UK scientists have discovered that liquid biopsy tests are 99% accurate at picking up crucial genetic mutations in patients with returning breast cancer. Researchers studying the potential for liquid biopsies have concluded that circulating tumour DNA (ctDNA) testing can provide an accurate genomic profile of advanced cancer, without the need for an invasive and potentially damaging tumour biopsy.
Published in the prestigious Lancet journal, the plasmaMATCH trial’s findings add to the increasing evidence for liquid biopsies’ potential in identifying crucial genetic mutations, and developing more effective, personalised treatments.
During the study, a team from The Institute of Cancer Research, London, and The Royal Marsden NHS Foundation Trust, analysed the blood samples from more than 1,000 women who had returning breast cancer. Using a technique called a liquid biopsy, where a blood sample is examined for the presence of circulating tumour DNA (ctDNA), the team could reliably detect and identify mutations in DNA.
“In this large, prospective trial of ctDNA testing in advanced breast cancer, we found that ctDNA testing was highly accurate,” scientists found. During their resource, they recorded “high agreement between different ctDNA testing techniques and high sensitivity for mutations identified in advanced breast cancer tissue biopsies.”
The scientists were specifically using liquid biopsy tests to detect targetable defects in genes known to play a role in breast cancer called HER2, AKT1 and ESR1. The tests proved to be highly accurate, with 99% of patients receiving a result. This compares favourably with previous tumour-sequencing studies, where just 70-90% of patients received results.
If scientists detected a mutation, the patient received appropriate and targeted treatment. In total, 142 women were treated with experimental drugs. The team found that a quarter (five out of 20) women with HER2 mutations and four out of 18 patients with AKT1 mutations responded to treatment. Those with an ESR1 mutation didn’t react to treatment.
Announcing the findings, study leader Professor Nick Turner, Professor of Molecular Oncology at The Institute of Cancer Research, London, and head of the Ralph Lauren Centre for Breast Cancer Research at The Royal Marsden was highly optimistic. “Our findings show that simple blood tests can quickly and accurately tell us the genetic changes present in a patient’s cancer, and use that information to select the most suitable available treatment.”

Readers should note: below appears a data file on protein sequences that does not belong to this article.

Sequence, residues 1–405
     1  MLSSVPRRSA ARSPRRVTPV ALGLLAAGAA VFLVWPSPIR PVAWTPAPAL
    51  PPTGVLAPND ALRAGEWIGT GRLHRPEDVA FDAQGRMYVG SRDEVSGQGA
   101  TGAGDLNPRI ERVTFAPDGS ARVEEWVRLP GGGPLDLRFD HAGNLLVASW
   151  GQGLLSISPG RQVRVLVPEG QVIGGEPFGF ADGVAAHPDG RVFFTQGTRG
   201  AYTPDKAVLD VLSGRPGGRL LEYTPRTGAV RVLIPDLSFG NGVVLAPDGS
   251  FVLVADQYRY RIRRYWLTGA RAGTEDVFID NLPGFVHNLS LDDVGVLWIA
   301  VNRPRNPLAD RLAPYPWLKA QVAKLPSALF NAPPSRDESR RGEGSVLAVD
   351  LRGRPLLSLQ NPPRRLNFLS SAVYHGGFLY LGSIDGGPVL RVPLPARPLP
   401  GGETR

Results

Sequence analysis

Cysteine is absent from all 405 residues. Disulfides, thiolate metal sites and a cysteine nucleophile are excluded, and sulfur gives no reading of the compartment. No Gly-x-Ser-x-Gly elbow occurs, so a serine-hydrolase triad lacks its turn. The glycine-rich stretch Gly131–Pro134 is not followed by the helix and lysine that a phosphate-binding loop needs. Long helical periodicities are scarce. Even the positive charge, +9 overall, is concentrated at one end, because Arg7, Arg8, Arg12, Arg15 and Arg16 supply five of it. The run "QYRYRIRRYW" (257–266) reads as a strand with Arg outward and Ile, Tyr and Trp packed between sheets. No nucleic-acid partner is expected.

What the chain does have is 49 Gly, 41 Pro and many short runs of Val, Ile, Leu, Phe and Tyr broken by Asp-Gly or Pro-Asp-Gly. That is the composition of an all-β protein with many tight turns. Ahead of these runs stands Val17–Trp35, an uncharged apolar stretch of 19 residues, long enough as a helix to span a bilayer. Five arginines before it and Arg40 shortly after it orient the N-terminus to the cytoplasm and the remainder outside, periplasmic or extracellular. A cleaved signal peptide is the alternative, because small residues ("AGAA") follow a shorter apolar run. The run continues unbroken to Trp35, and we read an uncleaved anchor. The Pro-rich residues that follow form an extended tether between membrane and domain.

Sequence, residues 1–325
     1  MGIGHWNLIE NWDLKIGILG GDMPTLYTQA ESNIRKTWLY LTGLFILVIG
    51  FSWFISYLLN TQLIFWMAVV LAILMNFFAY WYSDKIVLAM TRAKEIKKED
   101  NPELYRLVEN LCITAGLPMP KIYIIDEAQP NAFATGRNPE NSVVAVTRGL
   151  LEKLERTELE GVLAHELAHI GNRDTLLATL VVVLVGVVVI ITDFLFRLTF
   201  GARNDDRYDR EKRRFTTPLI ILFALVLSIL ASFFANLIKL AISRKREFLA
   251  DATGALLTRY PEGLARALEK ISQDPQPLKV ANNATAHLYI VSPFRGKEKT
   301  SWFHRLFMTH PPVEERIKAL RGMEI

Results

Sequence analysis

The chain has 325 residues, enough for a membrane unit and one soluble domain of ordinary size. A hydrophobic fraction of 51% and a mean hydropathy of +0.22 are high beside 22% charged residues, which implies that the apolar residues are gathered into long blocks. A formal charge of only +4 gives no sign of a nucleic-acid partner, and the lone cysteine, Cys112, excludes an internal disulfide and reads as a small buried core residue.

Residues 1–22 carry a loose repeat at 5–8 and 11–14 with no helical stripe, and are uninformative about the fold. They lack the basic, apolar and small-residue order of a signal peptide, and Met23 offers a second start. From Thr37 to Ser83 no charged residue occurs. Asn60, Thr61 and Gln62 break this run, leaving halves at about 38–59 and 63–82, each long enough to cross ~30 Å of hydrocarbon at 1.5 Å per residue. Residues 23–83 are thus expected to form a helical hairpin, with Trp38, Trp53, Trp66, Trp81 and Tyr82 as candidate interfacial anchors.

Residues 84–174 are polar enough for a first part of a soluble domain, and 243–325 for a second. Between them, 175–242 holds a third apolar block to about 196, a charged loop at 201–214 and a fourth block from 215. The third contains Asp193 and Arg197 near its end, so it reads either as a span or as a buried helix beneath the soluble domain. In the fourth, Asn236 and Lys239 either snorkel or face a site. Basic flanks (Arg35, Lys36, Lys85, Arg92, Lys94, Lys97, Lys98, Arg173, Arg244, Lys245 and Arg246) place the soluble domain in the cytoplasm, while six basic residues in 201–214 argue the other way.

The adoption of liquid biopsy testing could prove life-changing to patients with advanced cancer, scientists believe. The usual way to identify changes in genes, known as mutations, is to analyse a sample of the tumour removed during surgery. Identifying these gene changes is critical in determining the best treatments, but the surgery can be complicated – and in some cases, impossible – to perform on patients with advanced cancer who have relapsed. In these cases, doctors must decide on treatments using genetic information from the original cancer tissue samples.
The research team believes that the high levels of accuracy displayed in the trial could see it replace traditional surgical approaches. “The degree of sensitivity observed in this study suggests that, within the patient population of advanced disease patients recruited, ctDNA testing could replace tissue-based mutation analysis,” they conclude. “Using a liquid biopsy could be particularly important for patients with advanced breast cancer, to help select the most appropriate treatment,” Professor Turner added.
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To learn more about our range of tests, visit our RGCC tests page.
You can access the study, Circulating tumour DNA analysis to direct therapy in advanced breast cancer (plasmaMATCH): a multicentre, multicohort, phase 2a, platform trial, here.